I've love my IPOD, I listen to everything from James Taylor, Earth Wind and Fire, to, like I said Maroon 5, Black Eyed Peas, Tina Arena, and the stuff that I'm working on.
JRT: You're actually more advanced than me. I'm the computer geek and I don't really deal with digital music.
GB: You don't go to ITunes or anything? I've got a remix record on it along with my album.
JRT: I experimented with Napster looking for rare tracks a few years ago, but other than that, no. I did get an XM Radio recently to round-out my stereo system.
GB: You hear my song on XM Radio?
JRT: Actually, I don't mean to criticize, but I can't really listen to the dance stations on XM because dance music today seems to all running at the same beat, maybe I'm an old fart.
GB: You are. That's why I made sure to change things up on my album. So farts like you wouldn't get bored! I didn't limit myself. There are so many different sub-genres. It gets confusing online.
Let me tell you what I am doing now. since you're stuck in the 80's. I've been working at the studio everyday writing, singing and producing. Whenever possible I sit in with different groups in the city. They're called jams or jam sessions. Different musicians run them, some have been going on for years. Like The Dave Mann jam. All types of artists show up and just do what they do. I love NY. I was at "The Bitter End" last Sunday, i'd always wanted to play there. Every great rock act in the history of rock played there at some time. I just wanted to read the walls. I sang a few songs, "Will it Go Around in Circles," Steamroller" and a couple others and they asked me back for their Christmas Show on Dec 14th. Hmmm maybe I'll do a Cher tune! Living in NY again has rejuvenated me. I can wake up any day and sing the Blues or Rock or write a dance track, I've sung all my life and I pull from lots of styles. I'm influenced by them all.
JRT: I knew that--I know you like doing dance, but you like doing other stuff as well.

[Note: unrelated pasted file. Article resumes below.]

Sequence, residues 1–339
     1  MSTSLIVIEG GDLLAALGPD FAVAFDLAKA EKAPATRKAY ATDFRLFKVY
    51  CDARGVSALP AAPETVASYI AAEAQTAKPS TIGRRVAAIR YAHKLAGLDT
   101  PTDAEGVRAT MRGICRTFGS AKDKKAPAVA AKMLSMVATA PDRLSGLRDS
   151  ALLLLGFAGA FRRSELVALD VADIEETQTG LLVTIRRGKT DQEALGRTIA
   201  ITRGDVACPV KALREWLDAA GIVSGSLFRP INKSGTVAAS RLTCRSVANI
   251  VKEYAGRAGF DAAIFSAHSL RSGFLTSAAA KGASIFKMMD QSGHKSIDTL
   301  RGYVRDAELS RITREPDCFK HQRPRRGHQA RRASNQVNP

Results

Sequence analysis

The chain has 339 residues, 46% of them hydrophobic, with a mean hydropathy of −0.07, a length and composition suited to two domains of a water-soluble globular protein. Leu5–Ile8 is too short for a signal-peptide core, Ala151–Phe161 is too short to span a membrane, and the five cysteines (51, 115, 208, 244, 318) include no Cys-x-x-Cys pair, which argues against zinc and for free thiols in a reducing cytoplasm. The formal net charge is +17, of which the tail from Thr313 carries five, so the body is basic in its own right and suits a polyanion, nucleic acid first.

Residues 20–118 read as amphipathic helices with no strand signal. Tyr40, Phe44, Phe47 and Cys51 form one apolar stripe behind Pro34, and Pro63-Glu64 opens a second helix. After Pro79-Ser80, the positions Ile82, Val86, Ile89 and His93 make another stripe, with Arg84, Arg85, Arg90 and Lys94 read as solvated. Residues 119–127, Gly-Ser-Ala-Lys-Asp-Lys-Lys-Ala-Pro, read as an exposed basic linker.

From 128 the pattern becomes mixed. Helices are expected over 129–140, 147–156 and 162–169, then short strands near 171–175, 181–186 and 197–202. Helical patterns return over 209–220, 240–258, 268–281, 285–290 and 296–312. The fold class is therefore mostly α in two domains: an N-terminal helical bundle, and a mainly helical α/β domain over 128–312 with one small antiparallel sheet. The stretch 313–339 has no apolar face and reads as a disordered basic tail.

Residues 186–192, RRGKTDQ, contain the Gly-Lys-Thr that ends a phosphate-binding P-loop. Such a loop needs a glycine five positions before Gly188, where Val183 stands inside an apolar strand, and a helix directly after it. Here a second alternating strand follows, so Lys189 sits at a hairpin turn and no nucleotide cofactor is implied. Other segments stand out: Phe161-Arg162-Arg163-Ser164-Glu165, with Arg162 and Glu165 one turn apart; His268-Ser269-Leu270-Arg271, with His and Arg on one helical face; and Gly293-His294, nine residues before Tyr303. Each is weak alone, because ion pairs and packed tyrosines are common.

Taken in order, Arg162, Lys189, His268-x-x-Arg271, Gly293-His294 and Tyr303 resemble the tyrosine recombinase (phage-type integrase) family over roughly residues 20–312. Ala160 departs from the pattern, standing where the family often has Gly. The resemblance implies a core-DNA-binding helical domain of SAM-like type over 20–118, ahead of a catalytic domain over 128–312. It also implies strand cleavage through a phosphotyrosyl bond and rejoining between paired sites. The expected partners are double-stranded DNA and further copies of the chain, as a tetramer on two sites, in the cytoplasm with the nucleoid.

GB: I love song writing more and more. It's very therapeuticand I do it everyday. It's almost a form of journaling for me.
JRT: How do you go about writing your songs? Do you think melody first or lyrics first?
GB: I do it a lot of different ways, but I'll talk about my favorite way to do it. I like to start from scratch, I just take my baggage, that's usually enough to scare the hell out of anyone who's been hanging out with me. I love to collaborate, you need to be open and secure enough to make an ass of yourself.
I've written a lot of songs by myself, but--I love people, when you find somebody you can vibe with, mess with, collaborations are incredible. It's like the difference between making spaghetti sauce with just a tomato, and creating it using a lot of ingredients, spices, etc.
People get stuck, so when you collaborate, you bring in new ideas. I like to go into the studio, and we start with whatever instrument we're feeling and I start creating --I like funky vibe-y stuff--and I listen to the notes,the chords, and I start to get a melody in my head. Then it's what I consider free association, sometimes a song just happens in record time. All inspiration. Other times it's like listening to my niece Elizabeth tell a story and your holding the butter knife in your hand straining to keep from.... sorry.
Part 2 to come soon.